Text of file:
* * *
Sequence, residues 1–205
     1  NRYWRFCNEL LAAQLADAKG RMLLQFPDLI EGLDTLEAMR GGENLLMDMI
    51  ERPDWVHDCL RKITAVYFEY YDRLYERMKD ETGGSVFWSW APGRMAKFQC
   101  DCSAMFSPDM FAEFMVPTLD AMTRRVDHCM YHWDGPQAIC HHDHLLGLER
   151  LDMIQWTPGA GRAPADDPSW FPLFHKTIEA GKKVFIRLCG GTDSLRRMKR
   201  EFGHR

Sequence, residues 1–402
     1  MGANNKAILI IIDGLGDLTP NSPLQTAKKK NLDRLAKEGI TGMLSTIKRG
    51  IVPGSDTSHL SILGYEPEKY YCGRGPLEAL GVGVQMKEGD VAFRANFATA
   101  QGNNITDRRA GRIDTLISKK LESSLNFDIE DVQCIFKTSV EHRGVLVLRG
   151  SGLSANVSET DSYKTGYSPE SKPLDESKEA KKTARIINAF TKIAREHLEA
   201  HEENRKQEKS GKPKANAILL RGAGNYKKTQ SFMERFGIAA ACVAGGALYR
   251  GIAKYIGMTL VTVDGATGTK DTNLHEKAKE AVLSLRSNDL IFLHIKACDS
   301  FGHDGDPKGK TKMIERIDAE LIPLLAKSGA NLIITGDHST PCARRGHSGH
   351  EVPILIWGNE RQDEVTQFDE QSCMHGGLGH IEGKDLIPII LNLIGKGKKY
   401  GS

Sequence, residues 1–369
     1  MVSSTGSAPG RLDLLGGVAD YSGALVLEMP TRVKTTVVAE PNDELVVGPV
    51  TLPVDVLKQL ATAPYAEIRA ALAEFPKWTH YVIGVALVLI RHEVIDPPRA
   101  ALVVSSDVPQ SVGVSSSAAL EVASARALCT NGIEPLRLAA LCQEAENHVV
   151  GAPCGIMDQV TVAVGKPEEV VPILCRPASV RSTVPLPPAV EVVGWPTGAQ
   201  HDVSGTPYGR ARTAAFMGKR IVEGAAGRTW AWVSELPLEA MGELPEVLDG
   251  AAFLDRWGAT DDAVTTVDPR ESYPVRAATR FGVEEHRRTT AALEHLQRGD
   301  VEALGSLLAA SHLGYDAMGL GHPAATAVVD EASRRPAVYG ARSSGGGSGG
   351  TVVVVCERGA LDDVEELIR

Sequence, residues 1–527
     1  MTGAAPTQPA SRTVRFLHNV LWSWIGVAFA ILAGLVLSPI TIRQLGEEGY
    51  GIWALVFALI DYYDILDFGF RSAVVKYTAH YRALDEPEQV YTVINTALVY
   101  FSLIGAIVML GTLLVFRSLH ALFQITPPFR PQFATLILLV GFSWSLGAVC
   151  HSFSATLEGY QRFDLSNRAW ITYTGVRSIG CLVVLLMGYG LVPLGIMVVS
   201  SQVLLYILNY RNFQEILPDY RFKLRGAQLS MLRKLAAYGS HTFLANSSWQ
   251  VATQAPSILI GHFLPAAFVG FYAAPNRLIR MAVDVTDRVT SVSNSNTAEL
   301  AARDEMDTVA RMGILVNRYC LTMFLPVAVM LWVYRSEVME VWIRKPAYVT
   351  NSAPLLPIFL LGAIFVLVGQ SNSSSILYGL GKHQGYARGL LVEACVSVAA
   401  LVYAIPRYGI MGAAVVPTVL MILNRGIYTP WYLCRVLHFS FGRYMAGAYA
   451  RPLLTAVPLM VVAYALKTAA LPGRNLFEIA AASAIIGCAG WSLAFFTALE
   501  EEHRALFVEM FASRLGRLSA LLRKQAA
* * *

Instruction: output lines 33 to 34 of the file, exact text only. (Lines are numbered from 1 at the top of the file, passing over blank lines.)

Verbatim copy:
   301  AARDEMDTVA RMGILVNRYC LTMFLPVAVM LWVYRSEVME VWIRKPAYVT
   351  NSAPLLPIFL LGAIFVLVGQ SNSSSILYGL GKHQGYARGL LVEACVSVAA